LOS ANGELES, CA - JANUARY 16: Lamar Odom #7 of the Dallas Mavericks warms up for the game with the Los Angeles Lakers in his first game at Staples Center after being traded by the Lakers, on January 16, 2012 in Los Angeles, California. NOTE TO USER: User expressly acknowledges and agrees that, by downloading and or using this photograph, User is consenting to the terms and conditions of the Getty Images License Agreement. (Photo by Stephen Dunn/Getty Images)
Dallas Mavericks owner Mark Cuban had noticed Lamar Odom's uninspired play numerous times before, and kept hoping things would change.
It took one reply by Odom during a heated halftime exchange in his last game, when Cuban questioned the player's commitment to the team and Odom told him to quit playing games, to realize it was time for the two sides to part ways.
"Just his response to it. Everybody goes through ups and downs. Every player does. We tried to put him in a position to succeed. ... It didn't work," Cuban said Tuesday night, his first public comments since the team confirmed a day earlier that Odom was done in Dallas.
Their halftime exchange came after Odom played an uninspired four minutes Saturday night at Memphis.
"I just asked him, does he want to go for it or not. Is he in or is he out? I think he thought we were playing poker. I just didn't get a commitment. And that was the end," Cuban said. "This was a big game for us, and he wasn't connecting to that. And if you're not positive energy, you're negative energy."
When asked if that was the first time he noticed Odom having such a demeanor, Cuban responded, "No, but the first 17 times, I decided to try to help him and turn it into a positive."
That never happened.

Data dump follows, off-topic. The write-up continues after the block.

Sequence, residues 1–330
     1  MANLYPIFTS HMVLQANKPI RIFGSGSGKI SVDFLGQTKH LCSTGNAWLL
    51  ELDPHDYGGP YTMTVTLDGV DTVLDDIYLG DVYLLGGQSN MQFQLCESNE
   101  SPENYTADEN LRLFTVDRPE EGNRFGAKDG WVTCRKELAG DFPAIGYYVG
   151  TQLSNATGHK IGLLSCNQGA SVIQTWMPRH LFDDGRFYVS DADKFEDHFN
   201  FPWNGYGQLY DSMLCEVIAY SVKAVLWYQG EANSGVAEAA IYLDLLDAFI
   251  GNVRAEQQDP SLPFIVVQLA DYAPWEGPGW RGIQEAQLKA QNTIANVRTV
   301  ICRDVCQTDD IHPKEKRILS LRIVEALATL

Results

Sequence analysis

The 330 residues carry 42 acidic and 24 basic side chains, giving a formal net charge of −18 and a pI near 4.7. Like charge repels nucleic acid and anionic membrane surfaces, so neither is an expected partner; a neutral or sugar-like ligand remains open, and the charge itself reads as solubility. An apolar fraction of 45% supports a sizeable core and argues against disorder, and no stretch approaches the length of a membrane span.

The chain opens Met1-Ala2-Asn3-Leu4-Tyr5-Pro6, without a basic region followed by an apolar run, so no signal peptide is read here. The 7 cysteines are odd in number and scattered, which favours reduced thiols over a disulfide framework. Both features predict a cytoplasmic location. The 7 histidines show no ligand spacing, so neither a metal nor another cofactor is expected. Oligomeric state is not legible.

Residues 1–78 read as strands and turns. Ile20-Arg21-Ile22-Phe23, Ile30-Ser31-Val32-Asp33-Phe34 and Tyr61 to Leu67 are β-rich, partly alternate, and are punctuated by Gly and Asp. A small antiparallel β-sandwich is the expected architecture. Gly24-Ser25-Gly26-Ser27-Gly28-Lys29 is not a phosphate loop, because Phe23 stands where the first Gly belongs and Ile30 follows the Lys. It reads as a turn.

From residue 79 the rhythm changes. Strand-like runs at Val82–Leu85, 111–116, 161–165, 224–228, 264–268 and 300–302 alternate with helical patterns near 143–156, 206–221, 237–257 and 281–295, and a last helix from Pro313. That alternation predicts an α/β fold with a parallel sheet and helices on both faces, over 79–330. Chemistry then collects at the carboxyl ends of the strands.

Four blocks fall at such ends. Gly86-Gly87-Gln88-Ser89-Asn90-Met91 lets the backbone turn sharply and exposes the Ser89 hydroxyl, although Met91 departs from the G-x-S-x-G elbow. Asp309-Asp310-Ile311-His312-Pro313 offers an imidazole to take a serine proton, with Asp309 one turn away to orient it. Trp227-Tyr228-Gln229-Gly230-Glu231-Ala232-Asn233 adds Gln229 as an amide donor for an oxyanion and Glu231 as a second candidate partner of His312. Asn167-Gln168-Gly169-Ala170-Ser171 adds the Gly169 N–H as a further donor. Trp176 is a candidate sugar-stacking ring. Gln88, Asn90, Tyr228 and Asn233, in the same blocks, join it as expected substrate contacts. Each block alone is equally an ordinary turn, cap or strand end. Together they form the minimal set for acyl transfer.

Odom's averages of 6.6 points, 4.2 rebounds and 20.5 minutes in his underwhelming 50-game stint in Dallas were career lows. He was also often late for team activities such as practices and meetings.
The Mavericks didn't release him and instead said Odom would be listed inactive for their remaining nine games. That started with Tuesday night's game against Sacramento.
"He didn't want to play. He decided to go elsewhere or do something else. Now we regroup and go forward," Cuban said. "We kept on hoping things would turn out right. It just got to the point where there weren't enough games in the season to try to find out."
The defending NBA champion Mavericks were only one game ahead of ninth place in the Western Conference standings going into the game against the Kings.
Dallas acquired the NBA's reigning Sixth Man of the Year from the Los Angeles Lakers just before the lockout-shortened season. It was a low-risk deal for the Mavericks, who gave up a first-round pick and the trade exception from a deal that sent Tyson Chandler to the New York Knicks.
The Lakers seemed compelled to move the 6-foot-10 forward, who made $8.9 million this season, after trying to send him to New Orleans in a Chris Paul deal that was nixed by the league. There were also the personal issues for Odom, whose 24-year-old cousin was murdered last summer only days before the player was involved in a fatal car accident that killed a teen pedestrian after the car he was riding in as a passenger collided with a motorcycle.
Cuban said the Mavericks knew about Odom's fragile emotional state when they got him.
"Yeah, but we thought we could fight through it," Cuban said. "We knew that's why he was available."
Cuban insisted that he failed in trying to make the situation work, and that he didn't have to talk to anyone else to know the end had arrived.
"If I'm going to be the guy who smiles with my hand on the trophy, I've got to be the guy who takes the responsibility," Cuban said. "It was just my initiative, just paying attention. ... I was working with him, tried to get him back on the horse. When I failed, it was my job to recognize it, and deal with it."
Odom, the husband and reality TV co-star of Khloe Kardashian, still has a year left on his four-year contract. Any team that has the 13-year veteran on its roster on June 29 must give him a $2.4 million buyout or be responsible for the full $8.2 million he would be due in 2012-13.
"The way his contract is structured, it will hopefully create some opportunities for us," Cuban said, acknowledging he thinks Odom is tradeable. "Absolutely. It's in his best interests to get his act together, and I'm sure he will. Lamar is still a talented basketball player. He just went through some issues this year. We thought we could work through them with him this year and we weren't able to. Next."